What I’ve learned from Less Wrong

Related to: Goals for which Less Wrong does (and doesn’t) help

I’ve been compiling a list of the top things I’ve learned from Less Wrong in the past few months. If you’re new here or haven’t been here since the beginning of this blog, perhaps my personal experience from reading the back-log of articles known as the sequences can introduce you to some of the more useful insights you might get from reading and using Less Wrong.

1. Things can be correct—Seriously, I forgot. For the past ten years or so, I politely agreed with the “deeply wise” convention that truth could never really be determined or that it might not really exist or that if it existed anywhere at all, it was only in the consensus of human opinion. I think I went this route because being sloppy here helped me “fit in” better with society. It’s much easier to be egalitarian and respect everyone when you can always say “Well, I suppose that might be right—you never know!”

2. Beliefs are for controlling anticipation (Not for being interesting) - I think in the past, I looked to believe surprising, interesting things whenever I could get away with the results not mattering too much. Also, in a desire to be exceptional, I naïvely reasoned that believing similar things to other smart people would probably get me the same boring life outcomes that many of them seemed to be getting… so I mostly tried to have extra random beliefs in order to give myself a better shot at being the most amazingly successful and awesome person I could be.

3. Most peoples’ beliefs aren’t worth considering—Since I’m no longer interested in collecting interesting “beliefs” to show off how fascinating I am or give myself better odds of out-doing others, it no longer makes sense to be a meme collecting, universal egalitarian the same way I was before. This includes dropping the habit of seriously considering all others’ improper beliefs that don’t tell me what to anticipate and are only there for sounding interesting or smart.

4. Most of science is actually done by induction—Real scientists don’t get their hypotheses by sitting in bathtubs and screaming “Eureka!”. To come up with something worth testing, a scientist needs to do lots of sound induction first or borrow an idea from someone who already used induction. This is because induction is the only way to reliably find candidate hypotheses which deserve attention. Examples of bad ways to find hypotheses include finding something interesting or surprising to believe in and then pinning all your hopes on that thing turning out to be true.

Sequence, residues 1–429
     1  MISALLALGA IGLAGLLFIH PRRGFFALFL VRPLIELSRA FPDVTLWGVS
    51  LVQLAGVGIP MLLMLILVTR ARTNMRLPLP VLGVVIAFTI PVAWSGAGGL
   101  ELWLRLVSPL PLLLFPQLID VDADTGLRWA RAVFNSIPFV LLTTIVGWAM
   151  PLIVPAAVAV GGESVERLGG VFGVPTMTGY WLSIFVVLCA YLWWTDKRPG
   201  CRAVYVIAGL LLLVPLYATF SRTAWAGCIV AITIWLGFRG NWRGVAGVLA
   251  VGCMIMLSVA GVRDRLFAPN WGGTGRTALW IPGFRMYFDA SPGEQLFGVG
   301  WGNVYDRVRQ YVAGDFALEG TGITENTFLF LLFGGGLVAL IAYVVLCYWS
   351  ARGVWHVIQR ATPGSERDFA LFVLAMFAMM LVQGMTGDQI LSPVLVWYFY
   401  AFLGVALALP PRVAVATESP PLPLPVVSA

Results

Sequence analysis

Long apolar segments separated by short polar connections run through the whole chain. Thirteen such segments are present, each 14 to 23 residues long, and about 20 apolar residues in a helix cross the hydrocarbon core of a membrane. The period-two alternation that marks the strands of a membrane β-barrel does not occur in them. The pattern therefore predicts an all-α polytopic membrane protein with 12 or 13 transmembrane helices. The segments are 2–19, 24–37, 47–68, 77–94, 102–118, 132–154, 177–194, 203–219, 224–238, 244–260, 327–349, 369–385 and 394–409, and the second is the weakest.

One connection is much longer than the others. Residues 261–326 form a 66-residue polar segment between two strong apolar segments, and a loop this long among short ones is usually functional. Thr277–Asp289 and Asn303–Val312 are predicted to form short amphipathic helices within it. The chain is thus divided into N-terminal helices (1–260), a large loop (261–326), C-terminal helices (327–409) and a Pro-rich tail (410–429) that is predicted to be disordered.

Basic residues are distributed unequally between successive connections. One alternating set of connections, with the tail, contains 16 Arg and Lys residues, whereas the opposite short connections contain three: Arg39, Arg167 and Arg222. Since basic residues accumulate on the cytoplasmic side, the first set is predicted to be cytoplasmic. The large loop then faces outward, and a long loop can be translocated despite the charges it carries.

5. I have free will—Not only is the free will problem solved, but it turns out it was easy. I have the kind of free will worth caring about and that’s actually comforting since I had been unconsciously ignoring this out of fear that the evidence appeared to be going against what I wanted to believe. Looking back, I think this was actually kind of depressing me and probably contributing to my attitude that having interesting rather than correct beliefs was fine since it looked like it might not matter what I did or believed anyway. Also, philosophers failing to uniformly mark this as “settled” and move on is not because this is a questionable result… they’re just in a world where most philosophers are still having trouble figuring out if god exists or not. So it’s not really easy to make progress on anything when there is more noise than signal in the “philosophical community”. Come to think of it, the AI community and most other scientific communities have this same problem… which is why I no longer read breaking science news anymore—it’s almost all noise.

6. Probability /​ Uncertainty isn’t in objects or events—It’s only in minds. Sounds simple after you understand it, but I feel like this one insight often allows me to have longer trains of thought now without going completely wrong.

7. Cryonics is reasonable—Due to reading and understanding the quantum physics sequence, I ended up contacting Rudi Hoffman for a life insurance quote to fund cryonics. It’s only a few hundred dollars a year for me. It’s well within my budget for caring about myself and others… such as my future selves in forward branching multi-verses.

There are countless other important things that I’ve learned but haven’t documented yet. I find it pretty amazing what this site has taught me in only 8 months of sporadic reading. Although, to be fair, it didn’t happen by accident or by reading the recent comments and promoted posts but almost exclusively by reading all the core sequences and then participating more after that.

And as a personal aside (possibly some others can relate): I still love-hate Less Wrong and find reading and participating on this blog to be one of the most frustrating and challenging things I do. And many of the people in this community rub me the wrong way. But in the final analysis, the astounding benefits gained make the annoying bits more than worth it.

So if you’ve been thinking about reading the sequences but haven’t been making the time do it, I second Anna’s suggestion that you get around to that. And the rationality exercise she linked to was easily the single most effective hour of personal growth I had this year so I highly recommend that as well if you’re game.

So, what have you learned from Less Wrong? I’m interested in hearing others’ experiences too.